DICKINSON (KTRK) -- The short walk to the mail box is about all Joseph Palm can manage before he says the pain gets too much. He was born with Achondroplasia, a form of dwarfism.
"If I'm not sitting up straight or if I'm not like an angle like this, it starts twitching or not, not just twitching, but constant pain in the lower region," Palm told 13 Investigates' Ted Oberg.
Palm, 21, lost his social security disability payments for more than a year, but when he tried to get it back, he tells us the social security office wouldn't even take his call.
Palm says social security considered him disabled from birth. The benefits helped pay for surgeries on his spine, stomach, ankles and more, but the agency requires a new certification when you're 18.
Palm got a medical check by a Social Security-designated doctor.
But, when it came time for the next step, a hearing regarding his benefits, Palm said he never got the letter to show up.
Missing it, he said, put him at the bottom of the list and social security cut him off, so he tried to ask about it.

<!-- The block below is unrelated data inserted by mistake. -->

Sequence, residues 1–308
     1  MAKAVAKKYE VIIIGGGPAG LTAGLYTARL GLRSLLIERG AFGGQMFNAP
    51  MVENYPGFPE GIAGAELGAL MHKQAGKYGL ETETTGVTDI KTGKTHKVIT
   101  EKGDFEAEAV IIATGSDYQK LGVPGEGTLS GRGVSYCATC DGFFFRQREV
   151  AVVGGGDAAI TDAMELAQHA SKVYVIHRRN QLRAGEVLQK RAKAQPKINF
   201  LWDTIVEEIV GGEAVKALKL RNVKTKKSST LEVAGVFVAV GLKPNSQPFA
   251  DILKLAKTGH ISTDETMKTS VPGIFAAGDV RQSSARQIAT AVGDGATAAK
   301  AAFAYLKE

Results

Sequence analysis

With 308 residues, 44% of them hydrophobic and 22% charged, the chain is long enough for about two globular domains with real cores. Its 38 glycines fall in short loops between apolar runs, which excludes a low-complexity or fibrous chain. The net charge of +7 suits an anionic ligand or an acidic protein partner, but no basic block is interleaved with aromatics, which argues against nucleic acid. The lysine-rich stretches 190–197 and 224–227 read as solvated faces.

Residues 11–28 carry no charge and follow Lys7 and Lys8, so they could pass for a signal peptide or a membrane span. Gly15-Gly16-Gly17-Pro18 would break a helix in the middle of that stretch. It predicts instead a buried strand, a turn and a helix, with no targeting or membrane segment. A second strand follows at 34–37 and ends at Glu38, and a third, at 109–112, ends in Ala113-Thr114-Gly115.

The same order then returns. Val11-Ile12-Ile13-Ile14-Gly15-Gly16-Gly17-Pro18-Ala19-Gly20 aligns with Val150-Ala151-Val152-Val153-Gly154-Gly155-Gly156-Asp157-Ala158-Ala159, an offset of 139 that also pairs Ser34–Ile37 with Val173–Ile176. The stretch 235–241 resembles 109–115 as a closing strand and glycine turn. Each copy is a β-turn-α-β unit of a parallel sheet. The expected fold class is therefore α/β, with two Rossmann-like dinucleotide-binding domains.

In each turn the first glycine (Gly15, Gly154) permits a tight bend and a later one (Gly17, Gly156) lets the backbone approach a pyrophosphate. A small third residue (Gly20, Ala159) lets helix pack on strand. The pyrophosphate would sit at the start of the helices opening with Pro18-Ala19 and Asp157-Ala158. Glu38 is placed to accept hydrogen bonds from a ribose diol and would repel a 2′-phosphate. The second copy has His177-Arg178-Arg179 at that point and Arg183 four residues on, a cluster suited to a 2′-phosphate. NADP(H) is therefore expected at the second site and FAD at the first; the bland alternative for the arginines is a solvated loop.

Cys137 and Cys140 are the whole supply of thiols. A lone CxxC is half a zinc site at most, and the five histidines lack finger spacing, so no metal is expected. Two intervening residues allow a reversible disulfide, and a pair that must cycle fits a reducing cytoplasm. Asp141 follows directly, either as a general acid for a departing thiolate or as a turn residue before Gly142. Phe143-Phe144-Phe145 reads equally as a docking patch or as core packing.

"We just could never get ahold of it and there was no number," Palm said. "It has gotten to the point where that's all (that's) on my mind. ... What's next? What bad things are gonna happen next?"
Palm and his grandfather reached out to us, and we asked Social Security to just take a look. The next day they told us they couldn't discus individual cases for privacy reasons but promised to reach out to Palm that day. They did and have kept calling.
"I think it was your team reaching out to them and someone looked at the file and realize right away that they made a huge mistake," Palm said.
A spokesperson with the Social Security Administration told 13 Investigates, "generally speaking, when an individual disagrees with a decision made by SSA, they can file an appeal." You can find out more about that process here.
Palm said, so far, he will get a year of back benefits. He's already received the first check and is expecting to get a new date for a hearing any day - not so he can get something extra. Just to fight for what the federal government program says he is entitled to.
"It's always been story of my life where I get ahead and then I just get knocked and then I have to keep trying, keep trying," Palm said.
UPDATE: On Oct. 4, Palm reached out to 13 Investigates to let us know social security approved his full disability. "Thank you and your team for doing this. I can't thank you enough for everything," he said.
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